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Microsoft / Computerised Conversation

by Contagious I/O

This story originally appeared on Contagious I/O, our intelligence tool featuring the most creative and effective ideas in marketing from around the world


Tech giant builds virtual bots that can chat with customers on Skype

Microsoft has made public its plans to make conversation the next user interface. At the centre of the ‘Conversation as Platform’ vision are AI-powered bots that can chat to customers using natural language processing.

One project coming out of Microsoft’s new UI direction is an integration with Skype called Skype Bots. Users can chat directly with Cortana, Microsoft’s virtual personal assistant, through Skype to book a trip, plan their schedule and go shopping.

Cortana doesn’t complete every process herself within the Skype app, instead she brings the appropriate chat bot into the conversation – and then removes them once the transaction is completed.

In a demonstration of the new technology at Microsoft’s Build conference in San Francisco this week, Skype’s programme manager Lilian Rincon showed how the system would work if you wanted to arrange a holiday. First Cortana transferred her to a Westin hotel bot to book a room, and then reminded her of a friend who lived in that area – suggesting she visit while she was there.

At the moment the Skype Bots work through written messages only, but the company says they will be accessible through audio and video calling further down the line.

Along with its virtual chat bots, Skype is also introducing Skype Video Bots, which – according to a company press release, are aimed at ‘bringing useful and fun interactions into your video calling experiences.’

The promotional video (below) suggests these video bots will take many forms, from fictional characters that can interact with children to virtual versions of yourself that can try clothes on for you while you shop online. While the Skype Bots are entirely text based, the Video Bots create a virtual environment.

Brands and businesses will be able to create their own Video Bots through Skype’s Development Platform, which will seamlessly integrate into Skype users' chats.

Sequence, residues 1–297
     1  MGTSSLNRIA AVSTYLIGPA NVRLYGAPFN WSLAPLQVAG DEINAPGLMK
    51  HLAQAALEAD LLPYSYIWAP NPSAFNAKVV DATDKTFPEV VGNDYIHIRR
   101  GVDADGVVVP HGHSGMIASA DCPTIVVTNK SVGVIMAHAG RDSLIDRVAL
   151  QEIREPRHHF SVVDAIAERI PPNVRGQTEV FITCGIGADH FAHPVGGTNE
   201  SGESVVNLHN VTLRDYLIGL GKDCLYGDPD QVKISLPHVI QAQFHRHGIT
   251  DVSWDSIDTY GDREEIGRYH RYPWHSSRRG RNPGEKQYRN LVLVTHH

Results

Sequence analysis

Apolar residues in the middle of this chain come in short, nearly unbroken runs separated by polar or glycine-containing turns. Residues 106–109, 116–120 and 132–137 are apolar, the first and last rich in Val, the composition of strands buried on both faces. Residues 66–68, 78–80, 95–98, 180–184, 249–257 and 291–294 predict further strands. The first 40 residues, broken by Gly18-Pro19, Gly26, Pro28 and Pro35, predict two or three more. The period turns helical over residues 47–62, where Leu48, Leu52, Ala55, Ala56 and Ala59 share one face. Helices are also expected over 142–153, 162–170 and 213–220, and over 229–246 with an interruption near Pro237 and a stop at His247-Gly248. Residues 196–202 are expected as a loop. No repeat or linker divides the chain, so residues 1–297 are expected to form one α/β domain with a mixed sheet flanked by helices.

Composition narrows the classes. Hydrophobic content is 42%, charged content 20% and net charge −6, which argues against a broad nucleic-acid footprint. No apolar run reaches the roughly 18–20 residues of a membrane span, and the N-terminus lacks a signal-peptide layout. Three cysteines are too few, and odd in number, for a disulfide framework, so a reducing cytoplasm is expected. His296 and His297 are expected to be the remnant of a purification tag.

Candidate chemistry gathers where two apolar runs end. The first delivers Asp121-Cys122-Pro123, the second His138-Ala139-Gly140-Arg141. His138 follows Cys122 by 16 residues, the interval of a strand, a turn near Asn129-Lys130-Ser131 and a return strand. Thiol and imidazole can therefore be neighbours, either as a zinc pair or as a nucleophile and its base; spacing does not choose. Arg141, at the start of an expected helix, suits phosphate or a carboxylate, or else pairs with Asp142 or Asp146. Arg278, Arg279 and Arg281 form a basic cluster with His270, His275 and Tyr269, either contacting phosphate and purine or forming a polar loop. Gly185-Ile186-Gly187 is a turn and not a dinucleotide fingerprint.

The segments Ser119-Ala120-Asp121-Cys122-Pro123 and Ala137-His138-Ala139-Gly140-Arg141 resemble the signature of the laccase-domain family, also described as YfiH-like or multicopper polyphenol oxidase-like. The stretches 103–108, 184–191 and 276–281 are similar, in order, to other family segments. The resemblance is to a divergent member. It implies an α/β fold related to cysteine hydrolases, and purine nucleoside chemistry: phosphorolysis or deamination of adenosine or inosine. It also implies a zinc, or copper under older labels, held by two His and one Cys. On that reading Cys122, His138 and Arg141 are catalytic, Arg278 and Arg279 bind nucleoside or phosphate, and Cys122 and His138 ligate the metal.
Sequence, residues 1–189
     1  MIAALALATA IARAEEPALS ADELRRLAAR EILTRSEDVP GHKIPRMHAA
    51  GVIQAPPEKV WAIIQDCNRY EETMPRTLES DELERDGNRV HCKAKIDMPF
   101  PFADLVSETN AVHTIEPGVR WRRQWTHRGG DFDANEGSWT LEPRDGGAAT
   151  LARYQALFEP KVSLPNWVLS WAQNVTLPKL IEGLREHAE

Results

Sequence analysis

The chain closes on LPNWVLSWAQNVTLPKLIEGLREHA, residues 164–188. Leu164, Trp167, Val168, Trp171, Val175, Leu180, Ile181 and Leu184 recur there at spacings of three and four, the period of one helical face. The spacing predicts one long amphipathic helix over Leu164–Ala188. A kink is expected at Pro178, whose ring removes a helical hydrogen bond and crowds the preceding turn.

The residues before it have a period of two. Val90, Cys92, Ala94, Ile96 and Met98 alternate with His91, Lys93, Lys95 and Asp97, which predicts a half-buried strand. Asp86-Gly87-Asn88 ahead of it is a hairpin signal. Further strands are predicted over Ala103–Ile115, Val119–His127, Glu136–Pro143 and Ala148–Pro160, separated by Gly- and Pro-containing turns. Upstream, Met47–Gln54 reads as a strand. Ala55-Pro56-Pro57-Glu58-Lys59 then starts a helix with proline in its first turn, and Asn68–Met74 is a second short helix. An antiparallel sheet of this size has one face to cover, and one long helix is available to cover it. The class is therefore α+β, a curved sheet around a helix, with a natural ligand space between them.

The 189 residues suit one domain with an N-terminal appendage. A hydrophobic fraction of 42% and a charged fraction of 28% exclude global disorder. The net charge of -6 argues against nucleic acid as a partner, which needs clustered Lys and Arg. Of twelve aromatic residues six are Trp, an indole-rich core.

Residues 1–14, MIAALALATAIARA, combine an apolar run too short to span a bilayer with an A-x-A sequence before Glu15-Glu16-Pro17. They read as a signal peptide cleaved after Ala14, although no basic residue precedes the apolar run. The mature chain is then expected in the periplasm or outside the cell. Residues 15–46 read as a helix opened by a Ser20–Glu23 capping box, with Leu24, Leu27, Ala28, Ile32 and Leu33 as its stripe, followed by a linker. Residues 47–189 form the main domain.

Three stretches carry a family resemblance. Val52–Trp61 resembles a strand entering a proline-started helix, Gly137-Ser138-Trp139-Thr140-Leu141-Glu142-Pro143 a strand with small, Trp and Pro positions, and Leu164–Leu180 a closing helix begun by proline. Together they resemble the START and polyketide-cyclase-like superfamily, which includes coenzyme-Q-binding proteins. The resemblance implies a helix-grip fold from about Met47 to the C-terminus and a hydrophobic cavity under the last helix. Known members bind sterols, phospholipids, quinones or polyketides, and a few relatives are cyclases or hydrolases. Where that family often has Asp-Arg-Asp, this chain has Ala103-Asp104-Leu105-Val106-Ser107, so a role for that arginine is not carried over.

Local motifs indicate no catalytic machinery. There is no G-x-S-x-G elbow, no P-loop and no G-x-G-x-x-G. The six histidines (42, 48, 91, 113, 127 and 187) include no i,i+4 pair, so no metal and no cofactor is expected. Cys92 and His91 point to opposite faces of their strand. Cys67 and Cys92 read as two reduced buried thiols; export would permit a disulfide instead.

Contagious Insight / 

Customer communications / As we reported in our AI customer service trend, IT research firm Gartner estimates that by 2020, customers will manage 85% of their relationships with businesses without any human interaction. But regardless of whether we’ll get human interaction, we’ll still want it. NICE Systems’ Global Customer Experience Survey found that 88% of people would pick speaking to a representative on the phone as their first choice. So, where does that leave us? Robots with the power to converse like humans.

‘Human language is the new UI [user interface] layer,’ Microsoft’s chief executive Satya Nadella said at the Build conference, according to the Financial Times. ‘Bots are the new apps. Digital assistants are like … the new browsers, and intelligence is infused into all your interactions.’ These humanised bots will provide brands with a way to communicate with their customers in a more authentic and natural way.

Business Insider data indicates that messaging apps have surpassed social networks in popularity, with the top four messaging apps have about half a billion more regular users than the top four social media sites. So using direct messaging programmes like Whatsapp and Skype as a platform for these humanised bots is a sensible choice – and Cortana’s integration into Skype will not be the last example you’ll see.

In January, Whatsapp announced it would be trialling ‘tools that allow you to use WhatsApp to communicate with businesses and organisations that you want to hear from.’ And Facebook launched Businesses on Messenger last year. ‘The net result is that you and I will be talking to brands and companies over Facebook Messenger, WhatsApp, Telegram, Slack, and elsewhere before year’s end, and will find it normal,’ wrote Chris Messina, Uber’s Developer Experience Lead in a medium post earlier this year. And he might just be right.





This story originally appeared on Contagious I/O, our intelligence tool featuring the most creative and effective ideas in marketing from around the world. I/O helps anyone in the world of marketing understand why brands are innovating, how they're doing it and with what success.

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